Clinician handoffs spiked in 2011 after the Accreditation Council for Graduate Medical Education implemented rules to limit the number of hours residents worked.
More than 25 patients and families, from Pennsylvania to California, have sued Olympus alleging wrongful death, negligence or fraud. Federal prosecutors also are investigating Olympus and two smaller manufacturers over their potential roles in patient infections.
The student conducted rounds and placed sutures in a patient’s arm – under a physician’s supervision.
Critics of the practice, who include some surgeons and patient-safety advocates, say that double-booking adds unnecessary risk, erodes trust and primarily enriches specialists. They say surgery is not piecework and cannot be scheduled like trains: Unexpected complications are not uncommon.
June 14 is National Time Out Day , a Joint Commission and Association of periOperative Registered Nurses (AORN) campaign to promote patient safety before, during, and after surgery. The organizations are also reminding healthcare facilities to commit to conducting a safe, effective time outs for each and every surgery.
Testing a new method for limiting the spread of germs and reducing the transmission of disease in the hospital: a handshake-free zone.
Some experts estimate that at least $200 billion is wasted annually on excessive testing and treatment. This overly aggressive care also can harm patients, generating mistakes and injuries believed to cause 30,000 deaths each year.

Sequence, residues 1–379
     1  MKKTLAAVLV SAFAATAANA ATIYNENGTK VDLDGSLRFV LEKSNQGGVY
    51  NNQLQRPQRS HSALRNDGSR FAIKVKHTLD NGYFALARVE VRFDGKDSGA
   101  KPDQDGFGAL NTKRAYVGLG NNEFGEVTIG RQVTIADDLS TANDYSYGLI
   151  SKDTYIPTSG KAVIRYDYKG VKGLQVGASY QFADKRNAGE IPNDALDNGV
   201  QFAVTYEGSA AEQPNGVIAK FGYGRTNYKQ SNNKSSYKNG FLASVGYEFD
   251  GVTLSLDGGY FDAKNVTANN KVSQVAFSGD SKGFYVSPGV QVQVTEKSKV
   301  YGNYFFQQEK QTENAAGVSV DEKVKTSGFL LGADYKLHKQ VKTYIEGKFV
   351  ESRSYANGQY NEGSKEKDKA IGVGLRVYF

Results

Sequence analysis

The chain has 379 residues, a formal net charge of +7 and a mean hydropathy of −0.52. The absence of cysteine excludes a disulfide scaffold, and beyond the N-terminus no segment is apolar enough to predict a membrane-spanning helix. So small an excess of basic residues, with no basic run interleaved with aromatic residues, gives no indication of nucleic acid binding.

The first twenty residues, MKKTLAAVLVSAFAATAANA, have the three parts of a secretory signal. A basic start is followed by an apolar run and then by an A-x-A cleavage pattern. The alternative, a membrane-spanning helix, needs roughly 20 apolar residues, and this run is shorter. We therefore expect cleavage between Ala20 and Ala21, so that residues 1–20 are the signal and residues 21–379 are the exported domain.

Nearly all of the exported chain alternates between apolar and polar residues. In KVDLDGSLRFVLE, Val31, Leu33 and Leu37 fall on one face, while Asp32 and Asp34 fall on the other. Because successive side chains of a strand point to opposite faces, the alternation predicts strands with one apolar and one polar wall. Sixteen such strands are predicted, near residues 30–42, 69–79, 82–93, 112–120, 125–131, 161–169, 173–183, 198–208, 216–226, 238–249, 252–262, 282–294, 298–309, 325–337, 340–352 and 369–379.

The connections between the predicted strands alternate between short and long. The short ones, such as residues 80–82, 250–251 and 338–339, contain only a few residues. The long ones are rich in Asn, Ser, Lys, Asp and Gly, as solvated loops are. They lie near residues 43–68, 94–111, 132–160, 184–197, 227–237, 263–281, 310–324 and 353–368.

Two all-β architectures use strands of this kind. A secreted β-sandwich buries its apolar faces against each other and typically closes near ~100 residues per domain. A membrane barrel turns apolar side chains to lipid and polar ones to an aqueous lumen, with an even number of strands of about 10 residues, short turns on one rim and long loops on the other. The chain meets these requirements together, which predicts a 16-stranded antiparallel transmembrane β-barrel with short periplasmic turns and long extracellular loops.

For 11 months, two AHS hospitals tried out an automated system called the Automated All-Cause Harm Trigger System (ACHTS). The system’s software uses 41 algorithms to monitor electronic medical records (EMR) for signs that harm has befallen a patient, with flagged charts sent to a reviewer to examine. By the end of the study, the ACHTS caught 2,696 cases of patient harm, compared to the 132 harms caught using the old sampling method.
Worldwide, medication errors cause at least one death per day and cost an estimated $43 billion annually (1% of global health expenditures). In the U.S. alone, 1.3 million people are injured annually due to medication errors. All these errors are potentially avoidable, says the WHO, so long as the right systems and procedures are put into action.
The National Patient Safety Foundation along with The Daisy Foundation have announced the winners of the 2017 National Patient Safety Foundation DAISY Awards for Extraordinary Nurses. The award, a derivative of The DAISY Award for Extraordinary Nurses, places special emphasis on patient and workforce safety.